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Taxpayer's Tab Issue #4

January 26, 2012

 

 

 

Vol. 3 SPECIAL EDITION January 26, 2012

 

Defense "Savings" Mask $20.7 Billion in
New Domestic Spending, Analysis of President's Speech Shows

In yet another speech laden with "cost unknowns," President Obama proposed $20.7 billion in new spending, a price tag that could only be offset by substantial defense reductions and major tax hikes – that's the conclusion from the National Taxpayers Union Foundation's (NTUF's) line-by-line analysis of the 2012 State of the Union Address. NTUF has been conducting these in-depth studies since 1999.

"President Obama laid out an agenda that was more about ‘soldiers to subsidies' than ‘swords to plowshares,'" said NTUF Senior Policy Analyst Demian Brady. "Even as he reaps fiscal rewards from completed military missions – such as fewer borrowing obligations going forward – the President's domestic proposals continue to grow in their budgetary cost and burden on everyday economic activity."

Although the NTUF project focuses on federal spending in the President's speech, Americans will also be on the lookout for new taxes, including a 30 percent "Buffett Rule" tax, a minimum tax on multinational firms, and (yet again) repeal of commonly-used business tax provisions for only certain oil and gas companies. All could have serious consequences for the very same job creation, tax simplification, and international competitiveness efforts the Administration is touting. 

Among the findings of NTUF's study:

  • President Obama proposed 18 items with a potential impact on federal expenditures: 3 that would reduce the federal budget, 8 that would increase it, and 7 whose effect was too vague to be estimated.
  • The largest single cost was the President's infrastructure proposal. Based on his plans outlined in the American Jobs Act, the projects contained in this initiative would amount to over $11.07 billion annually.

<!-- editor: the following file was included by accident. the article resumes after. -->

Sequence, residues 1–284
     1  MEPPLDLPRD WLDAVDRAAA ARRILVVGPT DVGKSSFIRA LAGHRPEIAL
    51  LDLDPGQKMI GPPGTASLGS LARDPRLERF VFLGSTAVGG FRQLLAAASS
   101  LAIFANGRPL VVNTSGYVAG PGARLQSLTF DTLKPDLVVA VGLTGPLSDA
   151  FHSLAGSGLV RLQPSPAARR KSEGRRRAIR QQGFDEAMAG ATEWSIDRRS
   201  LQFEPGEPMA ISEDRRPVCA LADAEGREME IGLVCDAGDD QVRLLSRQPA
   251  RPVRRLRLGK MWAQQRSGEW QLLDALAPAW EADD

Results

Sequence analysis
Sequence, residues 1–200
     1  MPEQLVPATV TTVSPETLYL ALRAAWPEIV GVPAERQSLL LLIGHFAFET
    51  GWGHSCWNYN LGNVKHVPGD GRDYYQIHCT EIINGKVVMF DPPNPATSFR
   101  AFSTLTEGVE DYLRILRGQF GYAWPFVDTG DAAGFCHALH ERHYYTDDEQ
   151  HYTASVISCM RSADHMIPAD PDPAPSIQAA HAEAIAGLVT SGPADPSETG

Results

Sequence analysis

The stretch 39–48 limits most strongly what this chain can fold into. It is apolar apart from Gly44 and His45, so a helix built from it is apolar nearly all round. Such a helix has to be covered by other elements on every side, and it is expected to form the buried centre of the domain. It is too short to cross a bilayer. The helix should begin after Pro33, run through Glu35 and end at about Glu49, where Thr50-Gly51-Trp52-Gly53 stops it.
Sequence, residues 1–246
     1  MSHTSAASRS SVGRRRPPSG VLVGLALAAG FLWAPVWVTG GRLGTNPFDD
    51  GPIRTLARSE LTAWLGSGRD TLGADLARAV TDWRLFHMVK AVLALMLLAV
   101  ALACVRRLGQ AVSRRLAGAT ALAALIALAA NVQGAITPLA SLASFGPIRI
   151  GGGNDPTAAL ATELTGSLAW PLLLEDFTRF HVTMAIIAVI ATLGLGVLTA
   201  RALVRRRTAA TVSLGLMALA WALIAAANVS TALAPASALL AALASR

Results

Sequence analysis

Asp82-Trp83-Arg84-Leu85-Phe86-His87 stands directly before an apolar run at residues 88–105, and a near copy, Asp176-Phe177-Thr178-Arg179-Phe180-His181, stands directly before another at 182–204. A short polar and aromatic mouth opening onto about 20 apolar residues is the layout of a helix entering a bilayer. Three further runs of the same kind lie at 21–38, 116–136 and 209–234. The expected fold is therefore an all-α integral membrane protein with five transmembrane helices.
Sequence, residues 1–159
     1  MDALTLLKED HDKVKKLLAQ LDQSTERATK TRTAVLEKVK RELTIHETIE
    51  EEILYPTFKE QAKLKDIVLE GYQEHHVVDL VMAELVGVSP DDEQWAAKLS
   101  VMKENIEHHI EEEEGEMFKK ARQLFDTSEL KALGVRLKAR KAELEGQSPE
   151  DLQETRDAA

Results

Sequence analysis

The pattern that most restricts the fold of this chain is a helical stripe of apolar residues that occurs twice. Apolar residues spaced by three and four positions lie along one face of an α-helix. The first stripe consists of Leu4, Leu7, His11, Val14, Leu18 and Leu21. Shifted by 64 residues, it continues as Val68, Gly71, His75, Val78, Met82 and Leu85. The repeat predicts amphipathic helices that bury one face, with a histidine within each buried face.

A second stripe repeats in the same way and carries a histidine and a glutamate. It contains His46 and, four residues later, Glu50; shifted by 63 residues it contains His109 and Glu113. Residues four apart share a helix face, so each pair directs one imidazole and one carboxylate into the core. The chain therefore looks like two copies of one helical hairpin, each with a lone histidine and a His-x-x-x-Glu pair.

• The President's defense plans would save $48.7 billion per year, a result of both conscious policy choices about the size of the military and windfalls from reduced involvement in Iraq and Afghanistan. This dwarfs the $380 million per year he offered in non-military savings. In short, for every dollar he hopes to save in domestic programs, Obama is counting on saving 128 dollars in defense.
  • All told, the items mentioned in the President's speech would, if enacted at once, result in a net decrease of federal outlays amounting to $27.99 billion per year (again, attributable mostly to military program changes). 
  • The President continued his trend of offering many proposals whose cost impact could not be sufficiently quantified. One example is his proposed "Financial Crimes Unit," which could mean significant long-lasting (but currently unknown) costs for taxpayers depending upon its structure. 
  • Obama's request this year for "the authority to consolidate the federal bureaucracy" sounds much like his call in last year's speech to "merge, consolidate, and reorganize the federal government."

Prior to last night, the lowest total NTUF had recorded since it began the analysis project was President George W. Bush's address in 2006, coming in at under $1 billion in new spending. The highest was President Clinton's 1999 speech, which proposed $327 billion in higher outlays. Last year Obama's speech contained an annualized total of $21.35 billion in net new spending.